Alabama Football: Top Ten wide receivers in Crimson Tide history

ATLANTA, GA - JANUARY 08: DeVonta Smith
ATLANTA, GA - JANUARY 08: DeVonta Smith /
2 of 5

Embed from Getty Images

No. 10 – Hoyt ‘Wu’ Winslett (1924-1926)

Winslett was a triple threat player. He caught passes, ran the football and also threw passes. In his best season (1926) he was primarily an end and a running back. Being end in the 1920s did not mean being a wide receiver as the position is known today. The most important job for ends of that era was to block on offense.

Winslett was blessed with so much talent he excelled wherever Alabama football coach, Wallace Wade played him. It is a stretch to include Winslett in a wide receiver list but in 1926 he became the Crimson Tide’s first All-American. Johnny Mack Brown before Winslett and later Harry Gilmer became better known for their multiple talents but Winslett is one of the best triple-threat guys in Alabama football history.

No. 9 – D.J. Hall (2004-2007)

On the basis of stats, Hall belongs on the list. His career stats are No. 3 behind Amari Cooper and Calvin Ridley in receptions and No. 2 behind Cooper in career receiving yards.

Hall was a gifted athlete and a flashy player. His many detractors fault him for football and non-football failings. On the football field, Hall had a clear aversion to passing routes in the middle of the field. That disinclination to make tough catches and aversion to taking hard hits made fans and some teammates doubt his commitment. Similarly, some of his purported (and later reported) off-field behavior reinforced the claim football was not his highest priority.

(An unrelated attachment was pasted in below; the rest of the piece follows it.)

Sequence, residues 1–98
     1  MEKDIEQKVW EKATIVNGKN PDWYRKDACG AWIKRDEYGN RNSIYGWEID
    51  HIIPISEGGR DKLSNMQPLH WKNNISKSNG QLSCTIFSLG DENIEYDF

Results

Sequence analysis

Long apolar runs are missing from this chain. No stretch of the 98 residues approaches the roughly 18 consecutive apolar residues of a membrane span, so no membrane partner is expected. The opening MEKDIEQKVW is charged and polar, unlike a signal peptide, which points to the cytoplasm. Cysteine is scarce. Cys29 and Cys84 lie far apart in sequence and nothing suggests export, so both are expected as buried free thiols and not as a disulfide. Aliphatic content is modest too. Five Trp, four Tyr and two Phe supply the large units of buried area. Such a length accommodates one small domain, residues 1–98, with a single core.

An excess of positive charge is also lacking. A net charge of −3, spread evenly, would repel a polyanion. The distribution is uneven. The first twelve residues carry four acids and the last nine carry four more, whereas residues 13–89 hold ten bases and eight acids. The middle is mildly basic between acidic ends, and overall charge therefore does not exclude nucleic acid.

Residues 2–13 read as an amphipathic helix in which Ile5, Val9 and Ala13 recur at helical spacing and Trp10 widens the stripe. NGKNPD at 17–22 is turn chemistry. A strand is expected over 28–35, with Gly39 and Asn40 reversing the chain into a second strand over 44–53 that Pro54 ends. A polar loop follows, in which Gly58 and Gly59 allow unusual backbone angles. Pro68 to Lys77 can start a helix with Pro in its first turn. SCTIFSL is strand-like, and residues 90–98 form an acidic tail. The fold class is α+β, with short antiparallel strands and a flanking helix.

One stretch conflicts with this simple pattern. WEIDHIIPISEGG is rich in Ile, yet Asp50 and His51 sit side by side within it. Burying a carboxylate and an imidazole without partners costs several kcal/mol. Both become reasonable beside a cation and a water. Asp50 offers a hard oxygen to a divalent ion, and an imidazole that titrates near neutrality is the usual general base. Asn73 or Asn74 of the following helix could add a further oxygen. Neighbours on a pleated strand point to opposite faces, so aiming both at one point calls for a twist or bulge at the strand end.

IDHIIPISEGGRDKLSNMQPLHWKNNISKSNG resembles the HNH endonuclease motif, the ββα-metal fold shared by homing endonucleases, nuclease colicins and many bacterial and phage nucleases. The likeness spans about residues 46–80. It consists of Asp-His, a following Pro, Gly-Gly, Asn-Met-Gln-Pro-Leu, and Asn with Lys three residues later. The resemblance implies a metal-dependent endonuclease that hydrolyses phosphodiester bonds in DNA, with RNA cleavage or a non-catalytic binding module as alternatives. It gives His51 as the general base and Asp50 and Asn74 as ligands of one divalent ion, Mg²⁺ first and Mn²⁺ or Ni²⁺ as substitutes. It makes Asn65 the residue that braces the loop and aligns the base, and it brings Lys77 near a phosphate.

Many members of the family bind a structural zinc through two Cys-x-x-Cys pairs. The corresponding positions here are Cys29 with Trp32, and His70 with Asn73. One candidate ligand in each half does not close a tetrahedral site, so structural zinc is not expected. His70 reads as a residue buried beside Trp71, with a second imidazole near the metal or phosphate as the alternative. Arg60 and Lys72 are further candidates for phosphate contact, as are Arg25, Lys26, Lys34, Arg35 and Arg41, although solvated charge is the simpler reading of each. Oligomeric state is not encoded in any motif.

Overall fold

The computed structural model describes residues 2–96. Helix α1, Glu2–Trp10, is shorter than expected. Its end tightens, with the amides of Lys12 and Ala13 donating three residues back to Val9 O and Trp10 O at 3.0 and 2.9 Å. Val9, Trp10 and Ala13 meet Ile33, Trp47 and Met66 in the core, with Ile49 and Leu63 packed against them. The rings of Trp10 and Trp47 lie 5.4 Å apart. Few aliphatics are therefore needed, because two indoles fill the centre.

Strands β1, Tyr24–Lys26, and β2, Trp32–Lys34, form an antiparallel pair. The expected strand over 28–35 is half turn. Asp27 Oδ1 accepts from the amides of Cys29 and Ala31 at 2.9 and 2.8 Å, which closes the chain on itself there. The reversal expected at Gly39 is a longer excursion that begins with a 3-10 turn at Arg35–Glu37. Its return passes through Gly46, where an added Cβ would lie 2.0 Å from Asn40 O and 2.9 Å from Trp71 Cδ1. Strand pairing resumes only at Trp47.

No. 8 – Dennis Homan (1965-1967)

Dennis Homan would be one spot lower on this list but he came to Alabama as a running back. He only had two seasons of consistent playing time and one of those, in 1966, Kenny Stabler (Homans’ roommate) looked for Ray Perkins as often as possible.

Going into his senior season, Homan had only 33 receptions in his Crimson Tide career. That senior season in 1967 was special for Homan though not so special for the Crimson Tide. He caught 54 passes in 1967 as Bryant’s team slumped to 8-2-1. As a senior Homan was named a consensus All-American and also an Academic All-American.

Dennis Homan finished his Alabama football career with 18 touchdown passes, good enough for No. 3 on the Crimson Tide career TD receptions list.